Words by Emily Fulmer

Kent State University – both main and regional campuses – will become a completely smoke-free, tobacco-free campus.

The policy comes out of University President Beverly Warren’s mission to make Kent State University the healthiest college campus in the country. It is also part of the university’s healthy campus initiative, Kent State of Wellness.

The new policy was approved by the board of trustees in May of 2016.

“It fell right into our broader initiative, which is to be a healthy campus not only for employees but for students, visitors, contractors, anybody associated with Kent State University,” says Kimberly Hauge, the director of employee wellness and co-chair of the implementation committee. “Obviously, if you’re trying to become the healthiest campus in the nation, you need to address the smoke and tobacco issue, which is one of the most preventable causes of death yet.”

The smoke-free campus policy will ban the use of all smoking and tobacco products on any KSU-owned or leased property including the field house and Dix Stadium. It also bans individuals from using smoking or tobacco products in their car on campus.

Although this will be a change for tobacco users on campus, Hauge hopes this will encourage users to consider quitting smoking and live a healthier lifestyle.

“When you ask a smoker if they would like to quit or if they wish they’d never started, the answer in most cases is ‘yes’,” she says. “They would like to quit but they don’t know how, they need that extra motivation.”

Hauge also stated that by waiting until July to implement the policy, it allows individuals who do smoke to adjust to the change they will experience.

“Obviously, if you’re trying to become the healthiest campus in the nation, you need to address the smoke and tobacco issue, which is one of the most preventable causes of death yet.” – Kimberly Hauge

Communication pieces have popped up all over campus throughout the academic year using a tagline “let’s clear the air” to help create a healthy learning environment for students. These communication pieces can be seen on PARTA bus stops, in campus buildings and on video display monitors across campus. Signage will also be visible to individuals approaching the campus whether by walking or vehicle.

Michael Bruder, executive director of facilities planning and design, stated another part of implementing the policy will include the removal of all cigarette receptacles.  As the date the policy goes into effect approaches, signage around campus will begin to change.

Once the policy is fully implemented, vinyl clings will be placed on the glass in all academic buildings and residence halls at all campuses to further communicate the policy and to consolidate communication materials.

“If you look at some of our buildings now, we have smoking signs, firearm signs, and handicap access signs with building hours, so we’re trying to consolidate all that into a building cling that will have the name on the building as well,” he says.

The university spends a lot of time picking up cigarette butts off the ground, Bruder says. He believes the smoke-free policy will keep the campus looking better and help save money.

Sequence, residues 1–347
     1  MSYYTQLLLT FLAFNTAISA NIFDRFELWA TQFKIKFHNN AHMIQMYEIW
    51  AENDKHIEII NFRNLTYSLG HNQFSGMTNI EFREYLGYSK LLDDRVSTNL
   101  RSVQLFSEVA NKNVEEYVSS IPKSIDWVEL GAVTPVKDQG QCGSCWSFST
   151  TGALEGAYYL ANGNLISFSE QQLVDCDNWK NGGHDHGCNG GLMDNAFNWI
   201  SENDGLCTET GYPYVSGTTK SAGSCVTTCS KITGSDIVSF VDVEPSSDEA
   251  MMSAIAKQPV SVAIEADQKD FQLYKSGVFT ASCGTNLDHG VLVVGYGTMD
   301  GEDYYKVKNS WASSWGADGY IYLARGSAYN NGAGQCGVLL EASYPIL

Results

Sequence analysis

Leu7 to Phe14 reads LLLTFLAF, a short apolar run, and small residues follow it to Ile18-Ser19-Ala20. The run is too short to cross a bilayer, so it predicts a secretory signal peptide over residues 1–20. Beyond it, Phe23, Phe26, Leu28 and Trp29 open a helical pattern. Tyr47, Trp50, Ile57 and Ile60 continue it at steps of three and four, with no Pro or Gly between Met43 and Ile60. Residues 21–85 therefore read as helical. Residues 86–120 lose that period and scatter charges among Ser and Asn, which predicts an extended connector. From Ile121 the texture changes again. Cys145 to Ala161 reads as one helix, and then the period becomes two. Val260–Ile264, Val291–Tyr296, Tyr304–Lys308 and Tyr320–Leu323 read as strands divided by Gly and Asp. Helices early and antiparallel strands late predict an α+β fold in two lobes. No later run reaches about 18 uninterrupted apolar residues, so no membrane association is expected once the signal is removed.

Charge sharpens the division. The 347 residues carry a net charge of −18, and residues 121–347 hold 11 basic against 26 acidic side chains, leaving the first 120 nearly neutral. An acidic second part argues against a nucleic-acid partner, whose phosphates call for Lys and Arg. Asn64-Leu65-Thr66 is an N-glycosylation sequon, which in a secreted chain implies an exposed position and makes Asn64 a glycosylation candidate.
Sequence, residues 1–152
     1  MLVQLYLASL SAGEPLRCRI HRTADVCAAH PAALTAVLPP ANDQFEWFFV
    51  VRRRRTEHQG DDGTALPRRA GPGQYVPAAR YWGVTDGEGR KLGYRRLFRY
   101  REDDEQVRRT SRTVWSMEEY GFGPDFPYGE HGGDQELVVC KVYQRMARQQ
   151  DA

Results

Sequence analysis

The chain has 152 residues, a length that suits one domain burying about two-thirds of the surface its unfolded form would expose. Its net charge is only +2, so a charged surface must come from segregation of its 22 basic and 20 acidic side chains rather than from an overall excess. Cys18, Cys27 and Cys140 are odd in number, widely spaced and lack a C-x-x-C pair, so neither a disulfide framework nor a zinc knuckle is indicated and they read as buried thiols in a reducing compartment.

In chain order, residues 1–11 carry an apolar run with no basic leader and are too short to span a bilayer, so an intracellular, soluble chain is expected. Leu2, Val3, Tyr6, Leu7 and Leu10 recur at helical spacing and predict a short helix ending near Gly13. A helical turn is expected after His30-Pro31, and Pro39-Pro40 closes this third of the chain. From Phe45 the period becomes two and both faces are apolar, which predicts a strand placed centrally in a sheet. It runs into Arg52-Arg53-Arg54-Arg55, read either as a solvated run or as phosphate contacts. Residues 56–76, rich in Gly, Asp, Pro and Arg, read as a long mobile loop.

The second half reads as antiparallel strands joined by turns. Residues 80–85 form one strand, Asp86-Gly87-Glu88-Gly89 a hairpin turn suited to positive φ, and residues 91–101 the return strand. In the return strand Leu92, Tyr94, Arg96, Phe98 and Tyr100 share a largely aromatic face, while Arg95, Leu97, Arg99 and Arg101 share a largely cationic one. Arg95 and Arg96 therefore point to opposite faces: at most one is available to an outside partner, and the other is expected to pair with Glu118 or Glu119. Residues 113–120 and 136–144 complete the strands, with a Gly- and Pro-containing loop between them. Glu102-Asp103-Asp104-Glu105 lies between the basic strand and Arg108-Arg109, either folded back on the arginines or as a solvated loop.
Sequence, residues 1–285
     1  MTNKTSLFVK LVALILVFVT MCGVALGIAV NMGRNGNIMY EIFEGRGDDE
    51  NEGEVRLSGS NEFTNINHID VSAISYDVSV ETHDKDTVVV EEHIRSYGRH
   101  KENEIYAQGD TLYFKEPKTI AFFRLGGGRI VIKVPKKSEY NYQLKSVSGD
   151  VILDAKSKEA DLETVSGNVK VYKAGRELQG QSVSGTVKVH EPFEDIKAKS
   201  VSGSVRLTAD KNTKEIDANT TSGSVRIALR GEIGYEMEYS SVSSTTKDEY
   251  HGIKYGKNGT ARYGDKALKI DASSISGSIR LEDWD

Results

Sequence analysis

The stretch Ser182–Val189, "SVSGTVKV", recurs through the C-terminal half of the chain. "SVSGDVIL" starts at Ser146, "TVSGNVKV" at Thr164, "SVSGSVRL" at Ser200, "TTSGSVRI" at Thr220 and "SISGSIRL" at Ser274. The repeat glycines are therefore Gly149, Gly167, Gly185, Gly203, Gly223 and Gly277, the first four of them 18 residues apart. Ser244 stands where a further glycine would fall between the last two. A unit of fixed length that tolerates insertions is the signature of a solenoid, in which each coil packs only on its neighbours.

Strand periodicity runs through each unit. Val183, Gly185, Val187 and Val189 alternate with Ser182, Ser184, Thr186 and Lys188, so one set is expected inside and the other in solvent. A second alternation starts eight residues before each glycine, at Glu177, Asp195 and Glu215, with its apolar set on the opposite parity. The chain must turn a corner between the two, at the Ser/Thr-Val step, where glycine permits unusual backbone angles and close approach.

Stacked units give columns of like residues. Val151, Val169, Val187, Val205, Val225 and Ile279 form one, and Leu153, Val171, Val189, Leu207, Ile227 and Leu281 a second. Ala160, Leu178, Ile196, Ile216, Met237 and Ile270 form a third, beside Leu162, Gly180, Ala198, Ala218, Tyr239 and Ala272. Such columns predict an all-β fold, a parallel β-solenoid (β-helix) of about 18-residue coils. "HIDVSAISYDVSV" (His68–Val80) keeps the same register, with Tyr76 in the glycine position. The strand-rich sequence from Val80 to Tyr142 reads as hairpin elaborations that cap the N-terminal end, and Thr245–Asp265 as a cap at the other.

“We have about 15 percent of people that are associated with the campus that are smokers,” he says. “If you walk through a crowd of people right outside a front door–and they’re a group of smokers–a lot of people don’t like that, so not having that around I think will make people feel more comfortable and at ease on campus.”

Carla Wyckoff, the director of communications and special projects in the division of business and finance, says the policy will be translated for international students to understand it. The policy has already been translated into Chinese and Arabic.

“We know that there are some cultures where smoking is more prominent than it is here, so we want to be cognizant of that,” she says.

Wyckoff says the committee has gone out and talked to groups of people, such as athletics, to inform them of the new policy.  In addition, she stated that posters have been sent to building curators at the both the main and regional campuses along with a countdown clock on the policy’s website.

On May 3, an email from Vice President Shay Little and Senior Vice President Mark Polatajko was sent to the KSU students, faculty and staff reminding the community of the change occurring over the summer.

Wyckoff and the committee have been working closely with Destination Kent State and other orientation programs to target incoming students. Perspective students currently going through admissions and going on campus tours will also be informed of the policy.

“Admissions has included [the policy] in their information and view books letting people know that we will be smoke and tobacco-free,” she says.

While the policy will be enforced on campus, if a student does not abide by the policy there will be no severe repercussions.

Todd Kamenash, assistant dean of students and director of student conduct, says there will be no police enforcement for those who violate the policy. Rather, those who are caught smoking on KSU property will simply be given a reminder that the campus is a tobacco-free space. However, a student may be referred to the student conduct by another individual if caught smoking.

“It’s going to have to be reported to us,” he says. “Students, faculty and staff can report things to us. If the person is identified as a student, then they will be referred to our office.”

As with any student conduct case, there will be no specified outcome, he says.

Kamenash says that with smoking being a medically proven addiction it will be a challenge for some individuals to comply.

“We’re hopeful that people will choose healthy options but we also respect that it’s not going to be smooth sailing,” he says.

The full, written policy is available and can be found here.

Emily Fulmer is the student health reporter for The Burr.